• J.T.

      I wouldn’t trust it completely. The probably re-used parts from other airsoft guns to make it.

      • Sebastian Shen

        This is absolutely 100% airsoft.

  • Jwedel1231

    If a judge will say that using 2 pins to hold in a housing is novel, when the parts it replaced were held in by the same pins and the thing being held in was previously existing, then Mossberg will win. I personally think this is bullshit, but I’m not a judge, nor a patent attorney, nor a patent holder so my opinion means absolutely nothing.

    • RocketScientist

      The critical part isn’t using a pin (or 2 pins). The critical part is using the pin-within-a-hollow-pin at each of the two pin locations. the trick McCormick invented to make his assemblies a neat drop-in to existing AR lowers, utilizing their existing press-fit pin holes to interface with hollow pivot pins on the drop-in assembly. I don’t know enough about these things to know if anyone had done this previously (presumably not, or the PTO wouldn;t have approved it), but if they had, these court actions are a perfect opportunity to demonstrate that and rule the patent invalid.

      • Fred O C Cubed

        If thats the case the JP EZ-Trigger needs to be added to the list and it is far from a Drop-In. Even more interesting is that JP gave up on their trigger module but kept the pin configuration.

        Also, the notion that all of this is based on “pin-within-a-hollow-pin at each of the two pin locations” would apply to Anti-Walk Pins as well…

  • Gorilla Biscuit

    So lemme see if I got this straight, Michael McCormick jacked the idea from some guy in Taiwan. Got a patent here , sold the patent to Mossberg. Mossberg is now trying to cash in suing every one? And something about two pins holding it in the rifle. Right?

  • Mike Burns

    Read the independent claims more closely. It’s not just using pins – it’s the pass-through pins that also serve as pivots for at least one trigger group component that are the invention.

    • Gregory Markle

      So you ship your drop in trigger group with a hollow pass through sleeve with a pin through that (there are various methods to secure such a mess) and then, bam, you have a sleeve through a sleeve with a pin which is unique. Document it and refuse to patent it, allowing it for open usage. Whether the end user resorts to using the multi pin kludge, regular pins, or a KNS style pin isn’t your problem at that point.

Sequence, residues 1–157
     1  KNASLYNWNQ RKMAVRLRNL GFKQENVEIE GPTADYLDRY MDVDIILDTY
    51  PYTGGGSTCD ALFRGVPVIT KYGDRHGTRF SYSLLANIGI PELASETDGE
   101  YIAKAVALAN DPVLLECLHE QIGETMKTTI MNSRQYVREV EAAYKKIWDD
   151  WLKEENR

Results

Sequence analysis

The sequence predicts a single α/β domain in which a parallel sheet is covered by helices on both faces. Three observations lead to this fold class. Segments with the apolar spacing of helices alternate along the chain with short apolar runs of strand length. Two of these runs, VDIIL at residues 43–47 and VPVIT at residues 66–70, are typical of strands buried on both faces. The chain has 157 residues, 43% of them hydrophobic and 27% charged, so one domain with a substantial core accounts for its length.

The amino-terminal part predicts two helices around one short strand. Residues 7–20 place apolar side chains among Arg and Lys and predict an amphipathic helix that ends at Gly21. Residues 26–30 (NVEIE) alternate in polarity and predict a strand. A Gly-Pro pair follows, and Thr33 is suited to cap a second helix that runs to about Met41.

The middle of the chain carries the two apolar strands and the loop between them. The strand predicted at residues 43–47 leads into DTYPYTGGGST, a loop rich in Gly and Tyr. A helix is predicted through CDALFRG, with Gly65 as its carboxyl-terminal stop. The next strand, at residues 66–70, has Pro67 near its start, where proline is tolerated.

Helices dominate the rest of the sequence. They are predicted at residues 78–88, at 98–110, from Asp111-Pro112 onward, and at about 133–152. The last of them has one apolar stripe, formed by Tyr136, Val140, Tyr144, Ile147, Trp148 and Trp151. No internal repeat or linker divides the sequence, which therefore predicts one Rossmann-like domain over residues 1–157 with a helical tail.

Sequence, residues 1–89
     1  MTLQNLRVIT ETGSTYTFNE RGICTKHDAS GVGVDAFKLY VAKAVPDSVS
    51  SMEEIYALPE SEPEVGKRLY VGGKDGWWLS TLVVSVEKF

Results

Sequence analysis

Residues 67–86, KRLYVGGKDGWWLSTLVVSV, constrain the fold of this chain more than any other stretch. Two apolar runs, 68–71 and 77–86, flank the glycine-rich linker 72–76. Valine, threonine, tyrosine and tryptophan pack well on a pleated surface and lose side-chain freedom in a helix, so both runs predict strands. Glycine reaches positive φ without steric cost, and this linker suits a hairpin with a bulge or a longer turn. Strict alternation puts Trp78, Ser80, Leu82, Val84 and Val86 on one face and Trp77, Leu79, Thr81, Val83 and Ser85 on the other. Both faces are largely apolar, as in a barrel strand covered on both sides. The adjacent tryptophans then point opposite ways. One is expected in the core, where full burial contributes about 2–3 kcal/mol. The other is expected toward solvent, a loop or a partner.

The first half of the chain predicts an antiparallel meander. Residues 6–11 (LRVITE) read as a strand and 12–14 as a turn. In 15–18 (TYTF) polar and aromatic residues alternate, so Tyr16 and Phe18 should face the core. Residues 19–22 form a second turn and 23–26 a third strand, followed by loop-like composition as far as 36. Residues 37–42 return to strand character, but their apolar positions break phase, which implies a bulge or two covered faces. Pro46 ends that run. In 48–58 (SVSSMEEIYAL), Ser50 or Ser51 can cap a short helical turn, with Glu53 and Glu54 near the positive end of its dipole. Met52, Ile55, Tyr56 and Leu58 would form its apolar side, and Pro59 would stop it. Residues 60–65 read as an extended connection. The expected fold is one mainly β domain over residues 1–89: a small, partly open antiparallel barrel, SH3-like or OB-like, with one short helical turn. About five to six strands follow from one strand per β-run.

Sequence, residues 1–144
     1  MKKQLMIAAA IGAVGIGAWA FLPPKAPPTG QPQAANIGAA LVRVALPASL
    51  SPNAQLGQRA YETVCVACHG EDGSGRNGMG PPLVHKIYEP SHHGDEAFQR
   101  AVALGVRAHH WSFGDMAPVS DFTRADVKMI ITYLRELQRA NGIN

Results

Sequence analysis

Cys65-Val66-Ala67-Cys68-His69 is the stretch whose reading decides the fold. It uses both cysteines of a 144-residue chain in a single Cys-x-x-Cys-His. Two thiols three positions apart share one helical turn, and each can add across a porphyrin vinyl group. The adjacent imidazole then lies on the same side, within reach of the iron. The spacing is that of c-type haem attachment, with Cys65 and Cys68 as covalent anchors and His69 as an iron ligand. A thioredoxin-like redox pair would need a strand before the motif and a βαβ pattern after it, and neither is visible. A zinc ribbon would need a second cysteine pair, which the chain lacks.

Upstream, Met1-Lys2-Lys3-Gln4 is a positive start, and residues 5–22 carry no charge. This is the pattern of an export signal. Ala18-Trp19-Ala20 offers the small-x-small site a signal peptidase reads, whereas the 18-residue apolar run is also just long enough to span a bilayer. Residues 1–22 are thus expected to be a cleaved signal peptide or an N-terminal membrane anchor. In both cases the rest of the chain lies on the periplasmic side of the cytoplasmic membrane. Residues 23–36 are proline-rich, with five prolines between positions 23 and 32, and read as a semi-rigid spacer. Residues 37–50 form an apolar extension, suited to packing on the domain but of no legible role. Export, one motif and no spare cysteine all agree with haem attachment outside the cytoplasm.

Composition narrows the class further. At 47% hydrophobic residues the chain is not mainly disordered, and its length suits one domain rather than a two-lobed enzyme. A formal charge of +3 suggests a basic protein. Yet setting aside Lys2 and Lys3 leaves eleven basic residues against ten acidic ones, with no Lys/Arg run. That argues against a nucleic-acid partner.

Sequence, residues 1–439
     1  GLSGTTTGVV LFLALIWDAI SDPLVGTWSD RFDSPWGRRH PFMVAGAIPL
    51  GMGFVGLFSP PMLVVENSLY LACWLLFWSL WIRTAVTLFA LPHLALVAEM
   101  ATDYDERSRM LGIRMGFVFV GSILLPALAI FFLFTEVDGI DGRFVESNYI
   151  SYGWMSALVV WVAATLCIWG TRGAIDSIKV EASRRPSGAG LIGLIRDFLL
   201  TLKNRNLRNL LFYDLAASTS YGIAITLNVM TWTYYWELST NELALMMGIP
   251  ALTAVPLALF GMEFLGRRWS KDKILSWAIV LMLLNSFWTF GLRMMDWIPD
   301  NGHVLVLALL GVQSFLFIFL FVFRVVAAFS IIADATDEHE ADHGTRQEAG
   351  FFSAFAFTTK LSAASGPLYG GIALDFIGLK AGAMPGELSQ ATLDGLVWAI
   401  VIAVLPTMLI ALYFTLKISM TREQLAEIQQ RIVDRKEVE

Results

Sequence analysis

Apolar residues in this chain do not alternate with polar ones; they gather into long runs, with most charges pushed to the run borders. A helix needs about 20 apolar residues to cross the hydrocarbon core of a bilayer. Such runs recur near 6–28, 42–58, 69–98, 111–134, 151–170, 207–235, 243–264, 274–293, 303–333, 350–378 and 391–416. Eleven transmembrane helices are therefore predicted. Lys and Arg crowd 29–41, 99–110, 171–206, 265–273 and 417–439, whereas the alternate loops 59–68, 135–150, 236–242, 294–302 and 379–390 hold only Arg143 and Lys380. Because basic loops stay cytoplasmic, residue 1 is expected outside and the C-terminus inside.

• Sam

        Sounds like the ELF trigger.

    • I like the CMC ones Mike; especially the new ones that use two small screws instead of those pesky clips which are easily lost.

  • Jerry_In_Detroit

    The Stg-41 M also had a drop in trigger group secured by one pin.

  • John

    M1 Garand has a trigger pack, and some shotgun trigger groups are held in by pins.

  • bull

    so… just replace the pins with screws?

  • John Yossarian

    And not just the Dragunov, but the SKS and SVT as well:

  • A.WChuck

    I’ve got no dog in the hunt, but may ask some questions?
    Ruger takes heat for copying Keltec designs that were no longer protected much like the drop in trigger pack manufactures copied the usage of the 2 pins, except that the drop-ins are still (rightly or wrongly) protected. Why the heat for Ruger and not for the drop-in manufactures?
    Colt, Remington, Browning, et al have protected their patents in the past. Quite forcefully. Was that wrong as well?

    • Cymond

      My interpretation?
      It’s the perceived difference between copying a general concept (and building something significantly different) and straight up cloning an entire design.

      Also, I remember a podcast interview with a Ruger engineer about the LCP. He literally said “We started with a clean sheet of paper” when designing the LCP. I think the deliberate cloning, combined without the blatant lies, offended a lot of people.

  • Tritro29

    TFB being communists…now I understand why I keep coming.

    • iksnilol

      привет, товарищ

      Бочка,басс,колбасер?

      • Tritro29

        Hi, nope I’m not that kind of Russian. I’m more of a Lermontov guy myself…

        • iksnilol

          Still, nobody says no to some good kolbasa.

          :p

  • Ambassador Vader

    Not very CHRISTIAN of them to be stealing designs. LOL

    • Billy Jack

      They’re turning water (T86 drop-ins) into wine (2 pin T86 drop-ins)!

      • Ambassador Vader

        Stoner be praised!

  • TDog

    Ain’t that a kicker? Americans stealing technology from the Chinese!

    Oh well… what’s good for the goose and all that… 😀

  • richard

    Prior art is very confusing. I don’t understand how ARES were able to patent the SCR, when the black star BSR-15 was conceptually identical and predated it several years.